AZFO FIELD EXPEDITION
May 1-3, 2015
By Eric Hough
The famed ‘sky island’ mountain ranges of southeastern Arizona have received most of the birding and ornithological attention in the state, yet there are still some of these mountains that we surprisingly know very little about in terms of the avifauna that occur there. Lying between the lower San Pedro River Valley and the northern Sulphur Springs Valley, the Galiuro Mountains of southwestern Graham County are one of these seldom-visited ‘sky islands’. Much of the range lies within the 76,317-acre Galiuro Mountains Wilderness Area in the Coronado National Forest, managed by the U.S. Forest Service. Additionally, the mountains are bookended by two other U.S. Bureau of Land Management wilderness areas, Aravaipa and Redfield Canyons. Canyons draining the southern end of the mountains flow south through The Nature Conservancy’s Muleshoe Ranch Preserve. Much of the surrounding valleys and foothills outside of the wilderness areas and national forest land are privately-owned, restricting access points to certain roads where ranchers have allowed access through their land to reach designated trailheads leading up into the mountains. There are no forest roads going up into the mountains beyond these foothill trailheads though due to the remoteness of the steep, rugged terrain, leaving visitors to rely on hiking and/or pack animals to explore the higher reaches of these mountains.
Luckily, designated trails have been constructed throughout the mountains that are periodically maintained. However, the Galiuros lack perennial water in its canyons with only widely-scattered springs, which complicates backpacking trips. This ruggedness and scarcity of water has always been a deterrent to visitors, as evidenced by the scant historical records regarding these mountains. There is little evidence of prehistoric use by Native American groups, with visitors over the last two centuries comprised mostly of prospectors, ranchers, hunters, backpackers, geologists, and a few lawmen involved in an infamous shootout with a local ranching/mining family that led to the largest manhunt in state history (The Forest History Society 2008). Altogether, these challenges that have discouraged potential human visitation over the centuries are why much is still unknown about the bird life that inhabits this mountain range.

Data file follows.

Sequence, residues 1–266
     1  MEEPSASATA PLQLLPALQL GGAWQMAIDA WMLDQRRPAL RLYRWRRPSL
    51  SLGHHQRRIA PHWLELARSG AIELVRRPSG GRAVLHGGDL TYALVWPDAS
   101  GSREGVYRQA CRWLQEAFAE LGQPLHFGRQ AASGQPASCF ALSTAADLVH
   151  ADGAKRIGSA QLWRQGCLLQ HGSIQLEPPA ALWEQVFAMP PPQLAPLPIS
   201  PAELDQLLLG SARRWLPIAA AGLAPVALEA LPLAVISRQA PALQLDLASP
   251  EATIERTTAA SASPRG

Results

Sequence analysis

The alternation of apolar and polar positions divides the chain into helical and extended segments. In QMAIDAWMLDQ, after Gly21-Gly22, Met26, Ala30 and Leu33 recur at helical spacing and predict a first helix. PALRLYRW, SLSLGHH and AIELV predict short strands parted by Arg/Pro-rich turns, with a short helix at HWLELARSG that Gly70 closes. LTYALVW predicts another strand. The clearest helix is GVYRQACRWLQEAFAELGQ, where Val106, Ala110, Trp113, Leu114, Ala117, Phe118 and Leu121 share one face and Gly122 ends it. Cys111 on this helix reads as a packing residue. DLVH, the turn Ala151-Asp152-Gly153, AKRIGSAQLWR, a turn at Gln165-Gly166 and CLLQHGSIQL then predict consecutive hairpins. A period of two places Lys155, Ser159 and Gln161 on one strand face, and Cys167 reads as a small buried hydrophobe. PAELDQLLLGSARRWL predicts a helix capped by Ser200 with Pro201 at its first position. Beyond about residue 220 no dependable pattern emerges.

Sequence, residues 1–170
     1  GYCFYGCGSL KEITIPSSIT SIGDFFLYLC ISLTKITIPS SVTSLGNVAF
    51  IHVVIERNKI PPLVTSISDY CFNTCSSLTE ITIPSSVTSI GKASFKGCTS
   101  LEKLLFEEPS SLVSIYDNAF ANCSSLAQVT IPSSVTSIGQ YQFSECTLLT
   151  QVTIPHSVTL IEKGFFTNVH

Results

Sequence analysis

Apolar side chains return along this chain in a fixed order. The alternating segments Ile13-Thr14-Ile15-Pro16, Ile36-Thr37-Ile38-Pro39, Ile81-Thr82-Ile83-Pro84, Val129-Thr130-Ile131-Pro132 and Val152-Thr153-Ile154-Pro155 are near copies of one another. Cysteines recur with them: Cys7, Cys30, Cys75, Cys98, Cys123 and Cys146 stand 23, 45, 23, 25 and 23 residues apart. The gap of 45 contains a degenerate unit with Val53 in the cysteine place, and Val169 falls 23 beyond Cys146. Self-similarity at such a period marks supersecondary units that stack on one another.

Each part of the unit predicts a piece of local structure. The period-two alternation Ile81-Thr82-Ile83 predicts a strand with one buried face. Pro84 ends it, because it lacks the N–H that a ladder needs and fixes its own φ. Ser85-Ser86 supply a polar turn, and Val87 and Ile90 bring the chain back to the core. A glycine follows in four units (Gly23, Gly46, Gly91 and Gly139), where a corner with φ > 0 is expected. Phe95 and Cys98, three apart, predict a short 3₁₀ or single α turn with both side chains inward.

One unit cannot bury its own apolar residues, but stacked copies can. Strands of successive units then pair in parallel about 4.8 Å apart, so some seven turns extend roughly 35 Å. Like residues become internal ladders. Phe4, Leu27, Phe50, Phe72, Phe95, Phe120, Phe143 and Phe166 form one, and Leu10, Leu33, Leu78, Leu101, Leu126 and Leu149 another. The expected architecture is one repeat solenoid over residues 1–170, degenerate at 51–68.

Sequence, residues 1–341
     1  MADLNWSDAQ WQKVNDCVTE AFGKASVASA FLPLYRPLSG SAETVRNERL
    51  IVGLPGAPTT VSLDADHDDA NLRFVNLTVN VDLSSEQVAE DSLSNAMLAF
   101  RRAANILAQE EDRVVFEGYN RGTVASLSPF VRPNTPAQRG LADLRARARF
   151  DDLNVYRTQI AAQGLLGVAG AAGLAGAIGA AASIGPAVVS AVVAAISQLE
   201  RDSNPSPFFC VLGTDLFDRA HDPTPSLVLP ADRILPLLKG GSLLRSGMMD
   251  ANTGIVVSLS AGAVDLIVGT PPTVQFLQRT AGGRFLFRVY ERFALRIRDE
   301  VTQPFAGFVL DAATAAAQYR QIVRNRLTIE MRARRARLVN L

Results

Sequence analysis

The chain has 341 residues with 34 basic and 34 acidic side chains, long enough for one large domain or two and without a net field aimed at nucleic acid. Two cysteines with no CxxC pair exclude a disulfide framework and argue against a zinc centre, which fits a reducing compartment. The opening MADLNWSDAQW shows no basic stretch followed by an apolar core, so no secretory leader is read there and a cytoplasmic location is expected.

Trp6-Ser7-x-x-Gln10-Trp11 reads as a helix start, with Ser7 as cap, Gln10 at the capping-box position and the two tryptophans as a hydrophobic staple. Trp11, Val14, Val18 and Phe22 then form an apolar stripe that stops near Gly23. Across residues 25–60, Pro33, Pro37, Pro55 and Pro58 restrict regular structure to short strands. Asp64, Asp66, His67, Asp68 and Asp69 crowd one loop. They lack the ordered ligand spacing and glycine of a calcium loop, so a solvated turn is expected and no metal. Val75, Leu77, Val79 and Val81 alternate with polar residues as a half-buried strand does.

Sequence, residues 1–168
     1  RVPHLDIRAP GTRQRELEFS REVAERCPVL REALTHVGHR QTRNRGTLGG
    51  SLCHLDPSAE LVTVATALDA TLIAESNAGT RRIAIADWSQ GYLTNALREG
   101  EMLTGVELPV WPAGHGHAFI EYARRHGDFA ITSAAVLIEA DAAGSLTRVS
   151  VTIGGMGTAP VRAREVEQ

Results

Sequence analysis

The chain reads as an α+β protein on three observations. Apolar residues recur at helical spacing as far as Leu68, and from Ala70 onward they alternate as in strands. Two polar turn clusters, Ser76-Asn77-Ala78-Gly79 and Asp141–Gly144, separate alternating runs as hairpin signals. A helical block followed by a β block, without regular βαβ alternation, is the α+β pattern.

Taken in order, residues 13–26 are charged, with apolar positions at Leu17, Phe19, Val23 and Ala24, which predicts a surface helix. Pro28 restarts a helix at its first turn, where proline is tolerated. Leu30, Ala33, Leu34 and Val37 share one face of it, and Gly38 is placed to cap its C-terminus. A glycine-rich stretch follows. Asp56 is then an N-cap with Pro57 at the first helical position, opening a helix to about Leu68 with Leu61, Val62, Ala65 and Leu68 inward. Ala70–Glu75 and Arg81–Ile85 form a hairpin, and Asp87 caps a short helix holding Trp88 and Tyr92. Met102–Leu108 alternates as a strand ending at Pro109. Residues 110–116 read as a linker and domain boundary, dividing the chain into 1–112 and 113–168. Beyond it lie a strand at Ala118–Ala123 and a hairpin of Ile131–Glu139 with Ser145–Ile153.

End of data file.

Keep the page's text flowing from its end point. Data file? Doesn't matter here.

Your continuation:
The Galiuro Mountains are one of the lower-elevation ‘sky islands’ compared to nearby ranges, the elevations ranging from about 4,000 ft. in the foothills to the 7,671-ft. summit of Bassett Peak. The mountains are divided into two major ridges, the East and West Divides, which lie mostly within the 6,600-7,300 ft. elevation range. These two parallel ridgelines are divided by broad canyon valleys in Rattlesnake and Redfield Canyons. Along this elevation gradient, vegetation life zones cover upper Sonoran desert-scrub on the western base of the mountains, mid-elevation Chihuahuan Desert grasslands along the northern edge of the Sulphur Springs Valley along the eastern base of the mountains, and chaparral, pinyon-juniper-oak woodlands, pine-oak and mixed-conifer forests, and disjunct patches of aspens continuing up the mountain slopes. Common plant species encountered in the mountains include Arizona white oak (Quercus arizonica), Emory oak (Q. emoryi), silverleaf oak (Q. hypoleucoides), scrub-oak (Q. turbinella), netleaf oak (Q. rugosa), Gambel oak (Q. gambelii), ponderosa pine (Pinus ponderosa), border pinyon pine (P. discolor), alligator juniper (Juniperus deppeana), Douglas-fir (Pseudotsuga menziesii), southwestern chokecherry (Prunus virginiana), New Mexico locust (Robinia neomexicana), manzanita (Arctostaphylos spp.), and mountain mahogany (Cercocarpus spp.), with fewer numbers of Chihuahua pine (P. leiophylla), Arizona madrone (Arbutus arizonica), and quaking aspen (Populus tremuloides). Despite the scarcity of surface water in the Galiuros, its canyons do have lush riparian vegetation dominated by bigtooth maple (Acer grandidentatum), boxelder (Acer negundo), velvet ash (Fraxinus velutina), Arizona walnut (Juglans major), and Arizona sycamore (Platanus wrightii).